The Eagles came into the game shooting just 42.1 percent from the field. Notre Dame lowered that number by limiting Boston College to 16-of-56 from the field (28.6 percent), including a mere 6-of-30 (20 percent) in the second half.
Led by the aforementioned best Boston College offensive player – Eli Carter – the Eagles hit 8-of-18 from three-point range. But on two-point attempts, they were just 8-of-38 (21 percent).
“That orange ball has got to go through the orange basket,” said Boston College coach Jim Christian. “We had four turnovers in the (first) half. We had (56) shots and (38) came (from two-point range). That means you’re getting layups and open jump shots.”
It was a woeful shooting afternoon for the Eagles. Carter made 5-of-13, which was the top performance percentage-wise among the six players that logged at least 20 minutes. Jerome Robinson was 2-of-11 and Darryl Hicks was 3-of-9. The starting frontline of Garland Owens, A.J. Turner and Dennis Clifford were a combined 2-of-18.
Brey’s proudest proclamation defensively was the performance of Zach Auguste, whose defensive presence generally is a hit-and-miss proposition.
“Zach Auguste didn’t have the big offensive night he had the other night (vs. Virginia Tech),” said Brey after Auguste’s 10-point, 10-rebound game. “But his defense on the ball screen with Carter…How he showed and came back on Clifford and got deflections…He was fabulous.
“It was a two-man deal defending Carter. Rex was great; don’t get me wrong. But you’ve got to have help from that big, and Z knew when to fake, when to get back, and he got deflections. He anchored us back there, and I told him that’s the best he’s done in that area.”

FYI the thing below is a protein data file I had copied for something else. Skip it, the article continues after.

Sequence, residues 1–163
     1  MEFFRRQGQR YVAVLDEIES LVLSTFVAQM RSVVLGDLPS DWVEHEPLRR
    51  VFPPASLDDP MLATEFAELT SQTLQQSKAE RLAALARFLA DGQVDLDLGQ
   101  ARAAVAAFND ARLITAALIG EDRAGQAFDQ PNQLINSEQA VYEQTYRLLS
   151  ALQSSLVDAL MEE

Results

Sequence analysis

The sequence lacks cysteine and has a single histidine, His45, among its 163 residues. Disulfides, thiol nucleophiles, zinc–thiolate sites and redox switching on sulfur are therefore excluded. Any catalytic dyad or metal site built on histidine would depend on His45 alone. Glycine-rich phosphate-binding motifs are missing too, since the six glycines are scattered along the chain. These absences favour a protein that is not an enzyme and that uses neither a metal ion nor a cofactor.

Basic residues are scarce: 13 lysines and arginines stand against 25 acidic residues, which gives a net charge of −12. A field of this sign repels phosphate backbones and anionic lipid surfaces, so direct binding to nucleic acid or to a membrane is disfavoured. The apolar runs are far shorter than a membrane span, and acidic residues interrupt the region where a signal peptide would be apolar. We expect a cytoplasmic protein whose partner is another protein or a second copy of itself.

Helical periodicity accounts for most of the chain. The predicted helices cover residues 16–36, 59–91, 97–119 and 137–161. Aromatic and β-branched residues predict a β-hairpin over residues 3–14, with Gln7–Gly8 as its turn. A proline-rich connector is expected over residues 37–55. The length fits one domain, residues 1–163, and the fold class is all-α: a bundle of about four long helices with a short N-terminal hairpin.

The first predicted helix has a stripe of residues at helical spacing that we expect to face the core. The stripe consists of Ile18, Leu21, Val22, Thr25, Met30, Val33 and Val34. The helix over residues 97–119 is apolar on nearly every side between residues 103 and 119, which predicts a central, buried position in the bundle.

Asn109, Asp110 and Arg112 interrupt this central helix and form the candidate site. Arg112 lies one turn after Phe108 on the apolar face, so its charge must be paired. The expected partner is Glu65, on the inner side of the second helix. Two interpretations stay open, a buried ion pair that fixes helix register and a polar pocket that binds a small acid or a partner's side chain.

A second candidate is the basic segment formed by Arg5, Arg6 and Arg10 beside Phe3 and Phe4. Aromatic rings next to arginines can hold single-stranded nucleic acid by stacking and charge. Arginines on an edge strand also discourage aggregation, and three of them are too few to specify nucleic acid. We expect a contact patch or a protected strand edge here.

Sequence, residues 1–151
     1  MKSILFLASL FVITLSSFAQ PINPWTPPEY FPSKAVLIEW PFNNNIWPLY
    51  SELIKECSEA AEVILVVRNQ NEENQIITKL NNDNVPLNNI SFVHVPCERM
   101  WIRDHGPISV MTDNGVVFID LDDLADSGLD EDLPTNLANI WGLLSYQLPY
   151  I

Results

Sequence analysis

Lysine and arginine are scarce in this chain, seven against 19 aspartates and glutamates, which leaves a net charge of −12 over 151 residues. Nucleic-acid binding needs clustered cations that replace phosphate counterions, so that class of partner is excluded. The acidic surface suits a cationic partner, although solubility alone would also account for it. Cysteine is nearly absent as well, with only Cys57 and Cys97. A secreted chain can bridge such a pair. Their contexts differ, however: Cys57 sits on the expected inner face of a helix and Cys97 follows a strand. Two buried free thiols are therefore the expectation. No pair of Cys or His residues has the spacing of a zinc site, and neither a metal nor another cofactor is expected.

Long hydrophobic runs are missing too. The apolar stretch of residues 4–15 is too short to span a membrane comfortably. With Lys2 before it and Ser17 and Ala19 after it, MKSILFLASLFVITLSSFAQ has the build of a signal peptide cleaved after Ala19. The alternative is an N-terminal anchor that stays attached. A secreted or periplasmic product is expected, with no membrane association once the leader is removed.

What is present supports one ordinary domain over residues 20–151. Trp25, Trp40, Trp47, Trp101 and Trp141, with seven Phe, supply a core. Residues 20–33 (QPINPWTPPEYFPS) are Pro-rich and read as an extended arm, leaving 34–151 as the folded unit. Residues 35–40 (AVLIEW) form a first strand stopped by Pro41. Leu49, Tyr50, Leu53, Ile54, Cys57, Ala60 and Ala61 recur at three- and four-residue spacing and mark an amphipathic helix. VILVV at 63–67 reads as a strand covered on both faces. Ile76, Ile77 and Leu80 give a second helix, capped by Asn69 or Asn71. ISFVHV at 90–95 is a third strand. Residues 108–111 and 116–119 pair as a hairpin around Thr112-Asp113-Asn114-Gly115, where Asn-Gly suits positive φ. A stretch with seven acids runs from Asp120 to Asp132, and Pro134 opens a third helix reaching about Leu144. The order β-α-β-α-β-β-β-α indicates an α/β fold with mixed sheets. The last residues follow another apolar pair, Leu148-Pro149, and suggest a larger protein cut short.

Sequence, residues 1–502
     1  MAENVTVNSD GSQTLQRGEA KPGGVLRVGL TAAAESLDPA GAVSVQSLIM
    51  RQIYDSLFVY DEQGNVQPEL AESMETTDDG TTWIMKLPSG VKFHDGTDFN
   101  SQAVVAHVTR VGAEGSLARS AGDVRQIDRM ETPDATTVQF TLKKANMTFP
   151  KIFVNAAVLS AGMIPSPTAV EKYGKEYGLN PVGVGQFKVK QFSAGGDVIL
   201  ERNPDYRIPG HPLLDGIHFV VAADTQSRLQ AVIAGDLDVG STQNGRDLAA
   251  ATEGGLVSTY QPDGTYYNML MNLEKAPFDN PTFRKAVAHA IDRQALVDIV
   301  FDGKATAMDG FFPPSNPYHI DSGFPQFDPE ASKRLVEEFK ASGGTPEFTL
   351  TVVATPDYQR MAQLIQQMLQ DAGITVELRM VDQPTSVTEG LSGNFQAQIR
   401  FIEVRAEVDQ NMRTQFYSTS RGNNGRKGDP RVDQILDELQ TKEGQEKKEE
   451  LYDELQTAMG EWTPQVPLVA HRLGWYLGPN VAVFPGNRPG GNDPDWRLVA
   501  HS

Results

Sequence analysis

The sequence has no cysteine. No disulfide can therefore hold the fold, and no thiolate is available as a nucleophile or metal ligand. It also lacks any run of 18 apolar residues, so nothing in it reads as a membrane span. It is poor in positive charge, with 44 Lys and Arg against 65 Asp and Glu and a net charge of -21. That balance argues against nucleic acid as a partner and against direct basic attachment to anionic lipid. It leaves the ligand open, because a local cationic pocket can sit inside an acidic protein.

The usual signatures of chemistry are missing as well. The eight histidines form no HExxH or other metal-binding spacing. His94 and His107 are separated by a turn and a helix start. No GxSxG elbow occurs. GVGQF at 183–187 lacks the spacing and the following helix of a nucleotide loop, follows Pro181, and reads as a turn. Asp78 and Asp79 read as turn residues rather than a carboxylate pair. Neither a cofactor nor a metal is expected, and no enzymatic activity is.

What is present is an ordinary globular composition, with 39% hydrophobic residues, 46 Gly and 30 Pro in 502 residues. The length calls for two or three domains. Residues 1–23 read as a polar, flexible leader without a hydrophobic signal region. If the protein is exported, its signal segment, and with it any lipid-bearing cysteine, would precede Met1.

THE PRESSURE IS OFF
When the Irish went on a 7-0 run to start the second half, which eventually would expand to a 16-2 run, there wasn’t much mystery left to the outcome of Saturday’s Boston College game.
But Notre Dame’s 25-of-27 from the free-throw line continued a recent trend that has raised the mark for the season to 72.4 percent, which was a tick below 68 percent as recent as four games ago.
Over the last four games against Georgia Tech, Duke, Virginia Tech and Boston College, the Irish have converted 89-of-107 for a sizzling 83.1 percent.
“It’s become a weapon, and you know why? We don’t work on it (live) in practice,” Brey said. “We don’t do it anymore.
“Sometimes, when you say, ‘Okay, we’re going to do pressure free throws. Everybody’s got to make one or we’re going to run…’ We haven’t work on it as a team. I tell them to shoot them on their own.
“Sometimes you can over-coach that and over-emphasize that and guys get tight. We haven’t done any team pressure free throws (in practice) in two weeks.”
Vasturia led the way by converting 9-of-10. Both Pflueger and Colson made their four attempts. Beachem was 2-of-2. Even Auguste – a 63.4 percent free-throw shooter for the year -- had a productive day at the line, making 6-of-7.
Notre Dame had just 11 field goals in the second half, but was a perfect 16-of-16 after the intermission.
“Coach always says it’s a great weapon for us, and it really is,” Vasturia said. “If you can get to the foul line and knock down free throws, you’re really going to help yourself.”